from The American Heritage® Dictionary of the English Language, 5th Edition.

  • noun Any of various perennial herbs or small shrubs of the genus Acanthus, native to the Mediterranean and having pinnately lobed basal leaves with spiny margins and showy spikes of white or purplish flowers.
  • noun Architecture A design patterned after the leaves of one of these plants, used especially on the capitals of Corinthian columns.

from The Century Dictionary.

  • noun In botany, a genus of tall herbaceous plants of southern Europe and Africa, natural order Acanthaceæ.
  • noun [lowercase] The common name of plants of this genus. In zoology, a genus of crustaceans. [lowercase] In architecture, a characteristic ornament derived from or resembling the conventionalized foliage or leaves of the acanthus, used in capitals of the Corinthian and Composite orders, and in Roman, Byzantine, medieval, and Renaissance architecture generally, as upon friezes, cornices, modillions, etc.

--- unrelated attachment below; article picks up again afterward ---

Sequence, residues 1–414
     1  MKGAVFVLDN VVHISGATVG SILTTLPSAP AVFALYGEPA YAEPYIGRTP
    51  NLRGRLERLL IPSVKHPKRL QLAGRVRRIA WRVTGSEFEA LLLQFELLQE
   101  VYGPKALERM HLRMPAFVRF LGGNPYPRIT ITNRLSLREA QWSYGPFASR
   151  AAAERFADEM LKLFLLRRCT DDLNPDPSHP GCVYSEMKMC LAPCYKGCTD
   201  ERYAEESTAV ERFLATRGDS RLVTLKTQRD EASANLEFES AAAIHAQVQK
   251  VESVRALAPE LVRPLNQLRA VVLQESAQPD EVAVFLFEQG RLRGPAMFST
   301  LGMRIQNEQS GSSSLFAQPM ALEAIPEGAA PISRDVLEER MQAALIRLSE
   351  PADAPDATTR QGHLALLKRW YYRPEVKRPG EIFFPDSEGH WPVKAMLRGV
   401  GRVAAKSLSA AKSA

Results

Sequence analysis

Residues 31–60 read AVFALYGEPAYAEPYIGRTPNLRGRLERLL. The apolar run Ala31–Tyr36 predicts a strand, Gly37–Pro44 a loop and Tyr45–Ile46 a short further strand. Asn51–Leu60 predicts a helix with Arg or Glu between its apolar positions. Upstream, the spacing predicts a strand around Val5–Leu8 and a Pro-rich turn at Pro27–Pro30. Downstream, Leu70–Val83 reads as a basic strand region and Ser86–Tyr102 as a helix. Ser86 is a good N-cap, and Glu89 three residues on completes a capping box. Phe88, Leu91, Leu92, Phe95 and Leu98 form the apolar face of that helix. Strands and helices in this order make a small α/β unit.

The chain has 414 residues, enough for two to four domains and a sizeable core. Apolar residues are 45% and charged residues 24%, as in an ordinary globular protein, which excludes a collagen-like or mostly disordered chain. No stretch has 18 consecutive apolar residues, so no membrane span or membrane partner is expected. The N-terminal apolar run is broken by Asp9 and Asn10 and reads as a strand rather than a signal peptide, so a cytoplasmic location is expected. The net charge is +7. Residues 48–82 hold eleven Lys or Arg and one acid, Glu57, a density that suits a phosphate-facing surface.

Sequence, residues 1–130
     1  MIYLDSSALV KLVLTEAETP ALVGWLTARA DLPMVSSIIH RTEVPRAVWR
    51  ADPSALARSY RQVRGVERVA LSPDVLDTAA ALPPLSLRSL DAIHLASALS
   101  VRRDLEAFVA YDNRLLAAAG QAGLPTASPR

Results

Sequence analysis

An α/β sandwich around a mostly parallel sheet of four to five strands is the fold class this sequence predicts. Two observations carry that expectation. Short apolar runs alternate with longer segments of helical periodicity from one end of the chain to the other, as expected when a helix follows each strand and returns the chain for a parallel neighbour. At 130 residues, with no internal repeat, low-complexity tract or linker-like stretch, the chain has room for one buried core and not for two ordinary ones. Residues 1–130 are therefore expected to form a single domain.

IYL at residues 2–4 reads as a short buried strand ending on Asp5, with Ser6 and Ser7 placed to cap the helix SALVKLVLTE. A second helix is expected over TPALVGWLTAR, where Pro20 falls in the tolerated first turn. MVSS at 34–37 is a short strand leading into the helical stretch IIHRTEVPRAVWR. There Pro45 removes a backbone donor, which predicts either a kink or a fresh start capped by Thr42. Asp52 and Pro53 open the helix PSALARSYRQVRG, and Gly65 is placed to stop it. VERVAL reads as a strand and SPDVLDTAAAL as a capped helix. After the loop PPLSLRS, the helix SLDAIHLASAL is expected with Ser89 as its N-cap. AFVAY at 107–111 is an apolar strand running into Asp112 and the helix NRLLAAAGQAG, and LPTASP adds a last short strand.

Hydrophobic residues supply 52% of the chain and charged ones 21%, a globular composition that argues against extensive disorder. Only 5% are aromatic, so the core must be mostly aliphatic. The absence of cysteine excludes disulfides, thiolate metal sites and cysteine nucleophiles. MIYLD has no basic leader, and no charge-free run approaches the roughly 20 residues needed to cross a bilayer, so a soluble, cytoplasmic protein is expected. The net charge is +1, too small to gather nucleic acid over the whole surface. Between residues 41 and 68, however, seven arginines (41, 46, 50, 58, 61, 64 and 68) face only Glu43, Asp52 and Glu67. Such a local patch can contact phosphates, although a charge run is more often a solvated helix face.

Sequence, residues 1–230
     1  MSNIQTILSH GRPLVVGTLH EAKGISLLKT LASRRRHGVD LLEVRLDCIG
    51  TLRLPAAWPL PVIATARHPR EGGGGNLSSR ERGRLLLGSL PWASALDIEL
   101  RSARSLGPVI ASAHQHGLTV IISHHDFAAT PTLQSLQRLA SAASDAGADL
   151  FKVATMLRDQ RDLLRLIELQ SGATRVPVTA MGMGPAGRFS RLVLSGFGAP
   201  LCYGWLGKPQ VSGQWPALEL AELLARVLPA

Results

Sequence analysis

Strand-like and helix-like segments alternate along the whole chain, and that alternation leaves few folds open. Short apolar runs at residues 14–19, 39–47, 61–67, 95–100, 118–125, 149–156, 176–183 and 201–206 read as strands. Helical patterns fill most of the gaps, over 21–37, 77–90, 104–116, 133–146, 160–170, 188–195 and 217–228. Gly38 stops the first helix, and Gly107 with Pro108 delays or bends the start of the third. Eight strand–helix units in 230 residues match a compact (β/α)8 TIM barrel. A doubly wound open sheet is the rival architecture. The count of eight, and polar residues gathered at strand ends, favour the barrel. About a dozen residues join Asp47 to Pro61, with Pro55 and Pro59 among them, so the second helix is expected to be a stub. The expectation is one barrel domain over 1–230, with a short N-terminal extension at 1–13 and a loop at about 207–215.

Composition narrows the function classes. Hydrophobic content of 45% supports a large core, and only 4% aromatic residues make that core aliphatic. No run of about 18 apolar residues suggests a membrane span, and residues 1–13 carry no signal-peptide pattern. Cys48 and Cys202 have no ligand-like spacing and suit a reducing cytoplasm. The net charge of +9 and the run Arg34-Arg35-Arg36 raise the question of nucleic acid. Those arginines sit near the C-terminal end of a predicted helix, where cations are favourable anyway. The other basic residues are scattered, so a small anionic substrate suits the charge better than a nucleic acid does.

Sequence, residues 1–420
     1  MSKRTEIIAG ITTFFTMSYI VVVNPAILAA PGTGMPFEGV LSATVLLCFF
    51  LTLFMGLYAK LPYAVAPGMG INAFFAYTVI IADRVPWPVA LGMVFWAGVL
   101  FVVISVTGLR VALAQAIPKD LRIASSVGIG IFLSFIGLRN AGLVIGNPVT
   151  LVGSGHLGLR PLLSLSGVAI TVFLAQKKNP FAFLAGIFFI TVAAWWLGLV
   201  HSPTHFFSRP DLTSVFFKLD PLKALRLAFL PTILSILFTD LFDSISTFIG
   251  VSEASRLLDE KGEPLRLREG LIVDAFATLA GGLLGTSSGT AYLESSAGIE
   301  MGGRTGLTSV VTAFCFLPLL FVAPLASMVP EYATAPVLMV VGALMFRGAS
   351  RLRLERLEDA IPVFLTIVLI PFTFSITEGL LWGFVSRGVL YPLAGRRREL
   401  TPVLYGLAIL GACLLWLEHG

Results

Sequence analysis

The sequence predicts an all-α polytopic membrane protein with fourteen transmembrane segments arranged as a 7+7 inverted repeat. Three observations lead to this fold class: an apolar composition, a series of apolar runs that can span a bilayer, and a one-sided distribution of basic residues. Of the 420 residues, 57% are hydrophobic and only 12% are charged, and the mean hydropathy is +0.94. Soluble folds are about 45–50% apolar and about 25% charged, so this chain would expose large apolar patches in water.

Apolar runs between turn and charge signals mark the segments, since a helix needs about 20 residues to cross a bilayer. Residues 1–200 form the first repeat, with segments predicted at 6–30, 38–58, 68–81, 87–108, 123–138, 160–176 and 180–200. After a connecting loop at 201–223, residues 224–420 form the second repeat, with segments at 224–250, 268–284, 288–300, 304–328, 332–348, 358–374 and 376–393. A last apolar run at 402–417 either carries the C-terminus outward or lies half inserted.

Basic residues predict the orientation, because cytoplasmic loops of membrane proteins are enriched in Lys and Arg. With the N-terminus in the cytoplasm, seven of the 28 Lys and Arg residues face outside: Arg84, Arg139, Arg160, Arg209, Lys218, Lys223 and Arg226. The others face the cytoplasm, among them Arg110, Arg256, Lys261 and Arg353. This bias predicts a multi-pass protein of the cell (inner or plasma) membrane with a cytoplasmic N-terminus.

from the GNU version of the Collaborative International Dictionary of English.

  • noun (Bot.) A genus of herbaceous prickly plants, found in the south of Europe, Asia Minor, and India; bear's-breech.
  • noun (Arch.) An ornament resembling the foliage or leaves of the acanthus (Acanthus spinosus); -- used in the capitals of the Corinthian and Composite orders.

from WordNet 3.0 Copyright 2006 by Princeton University. All rights reserved.

  • noun any plant of the genus Acanthus having large spiny leaves and spikes or white or purplish flowers; native to Mediterranean region but widely cultivated


from The American Heritage® Dictionary of the English Language, 4th Edition

[New Latin Acanthus, genus name, from Greek akanthos, thorn plant, from akantha, thorn.]


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